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FRIDAY, May 13 (HealthDay News) -- Heart failure patients younger than 65 years and those who are satisfied with their care are more likely to initiate telemonitoring (TM) technology, but adherence is lower in younger patients and in those with low health literacy, according to a study presented at the American Heart Association's Quality of Care and Outcomes Research in Cardiovascular Disease and Stroke 2011 Scientific Sessions, held from May 12 to 14 in Washington, D.C.
Jennifer A. Mattera, M.P.H., from Yale University Cardiology in New Haven, Conn., and colleagues assessed the characteristics of 826 patients (average age, 61.1 years) with heart failure who were initiating the use of TM, were adhering to it daily for over six months, and were enrolled in the TM arm of the Tele-heart failure multicenter trial. Use of the TM system involved reporting symptoms and weight daily for six months. The number of weeks that patients used TM for at least three days a week was calculated as the adherence rate, and factors associated with its use were identified.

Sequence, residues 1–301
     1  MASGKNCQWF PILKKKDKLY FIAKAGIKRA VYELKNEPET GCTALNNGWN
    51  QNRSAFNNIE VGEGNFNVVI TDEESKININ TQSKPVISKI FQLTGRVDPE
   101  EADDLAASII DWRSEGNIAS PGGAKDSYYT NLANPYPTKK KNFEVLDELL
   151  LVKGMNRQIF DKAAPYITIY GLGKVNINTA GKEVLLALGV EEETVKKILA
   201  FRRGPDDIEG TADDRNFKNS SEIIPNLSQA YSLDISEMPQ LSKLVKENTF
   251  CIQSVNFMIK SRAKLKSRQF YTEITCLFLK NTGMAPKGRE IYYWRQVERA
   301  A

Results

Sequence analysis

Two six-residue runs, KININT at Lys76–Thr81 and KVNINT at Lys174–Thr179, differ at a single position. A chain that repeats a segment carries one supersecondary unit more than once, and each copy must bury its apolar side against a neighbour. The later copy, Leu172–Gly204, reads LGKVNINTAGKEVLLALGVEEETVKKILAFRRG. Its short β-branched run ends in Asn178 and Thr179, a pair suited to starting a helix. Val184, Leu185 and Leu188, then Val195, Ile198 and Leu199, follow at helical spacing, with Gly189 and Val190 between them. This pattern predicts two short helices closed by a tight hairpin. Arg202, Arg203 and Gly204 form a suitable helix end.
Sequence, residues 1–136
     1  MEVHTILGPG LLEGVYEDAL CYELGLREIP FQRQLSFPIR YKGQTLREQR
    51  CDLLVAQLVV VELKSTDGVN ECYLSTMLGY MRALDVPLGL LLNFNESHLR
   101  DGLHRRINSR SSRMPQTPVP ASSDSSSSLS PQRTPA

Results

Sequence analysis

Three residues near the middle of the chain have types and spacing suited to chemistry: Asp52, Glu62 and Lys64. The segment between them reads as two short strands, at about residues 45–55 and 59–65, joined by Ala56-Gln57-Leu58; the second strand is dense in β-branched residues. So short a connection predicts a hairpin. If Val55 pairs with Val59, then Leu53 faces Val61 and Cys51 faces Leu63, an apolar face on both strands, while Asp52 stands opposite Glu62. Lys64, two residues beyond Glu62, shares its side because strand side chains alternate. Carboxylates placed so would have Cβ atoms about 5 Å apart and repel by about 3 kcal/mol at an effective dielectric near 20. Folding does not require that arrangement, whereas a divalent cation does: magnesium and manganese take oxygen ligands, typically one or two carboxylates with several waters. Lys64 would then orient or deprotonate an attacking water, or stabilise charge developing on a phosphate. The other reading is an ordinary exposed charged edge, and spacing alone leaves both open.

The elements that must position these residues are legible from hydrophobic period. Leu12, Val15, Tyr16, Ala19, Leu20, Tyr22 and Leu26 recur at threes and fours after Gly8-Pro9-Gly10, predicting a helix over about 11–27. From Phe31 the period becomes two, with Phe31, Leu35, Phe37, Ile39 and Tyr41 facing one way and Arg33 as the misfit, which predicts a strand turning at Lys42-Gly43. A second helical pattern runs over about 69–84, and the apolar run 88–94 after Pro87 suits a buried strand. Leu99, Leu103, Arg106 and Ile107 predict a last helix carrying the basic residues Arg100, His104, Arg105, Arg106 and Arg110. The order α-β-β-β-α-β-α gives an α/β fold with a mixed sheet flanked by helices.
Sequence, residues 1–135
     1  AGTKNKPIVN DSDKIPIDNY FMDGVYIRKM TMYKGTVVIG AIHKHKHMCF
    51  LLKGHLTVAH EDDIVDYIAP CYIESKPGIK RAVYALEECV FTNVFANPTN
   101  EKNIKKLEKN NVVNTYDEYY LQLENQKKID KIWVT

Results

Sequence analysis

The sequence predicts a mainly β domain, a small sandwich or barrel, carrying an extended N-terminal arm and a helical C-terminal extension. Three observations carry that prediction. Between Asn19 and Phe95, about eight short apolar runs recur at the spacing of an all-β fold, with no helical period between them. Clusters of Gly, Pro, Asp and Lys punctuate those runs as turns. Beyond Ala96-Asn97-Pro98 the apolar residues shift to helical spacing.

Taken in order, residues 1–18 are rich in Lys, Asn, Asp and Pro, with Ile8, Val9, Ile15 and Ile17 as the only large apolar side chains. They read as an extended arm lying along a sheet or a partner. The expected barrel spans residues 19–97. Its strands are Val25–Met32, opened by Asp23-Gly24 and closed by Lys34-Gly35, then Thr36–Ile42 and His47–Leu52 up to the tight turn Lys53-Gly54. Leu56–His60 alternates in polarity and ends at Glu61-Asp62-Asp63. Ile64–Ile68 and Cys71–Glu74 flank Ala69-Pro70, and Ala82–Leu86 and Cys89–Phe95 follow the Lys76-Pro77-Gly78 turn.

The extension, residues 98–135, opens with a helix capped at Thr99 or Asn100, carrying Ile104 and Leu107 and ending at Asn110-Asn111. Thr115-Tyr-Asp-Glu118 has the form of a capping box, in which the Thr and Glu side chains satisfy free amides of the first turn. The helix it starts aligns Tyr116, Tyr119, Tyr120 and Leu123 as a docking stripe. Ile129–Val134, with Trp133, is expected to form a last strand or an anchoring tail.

The investigators found that 14 percent of patients (119) did not initiate TM use, but 707 patients did. Patients younger than 65 years and those who were more satisfied with care were more likely to initiate TM. In the first week, the average adherence was 90 percent, and it decreased to 55 percent in week 26. Adherence was lower in younger patients and those with lower health literacy.
"Age, satisfaction with care, and health literacy were associated with utilization of a TM system for the management of heart failure," the authors write.
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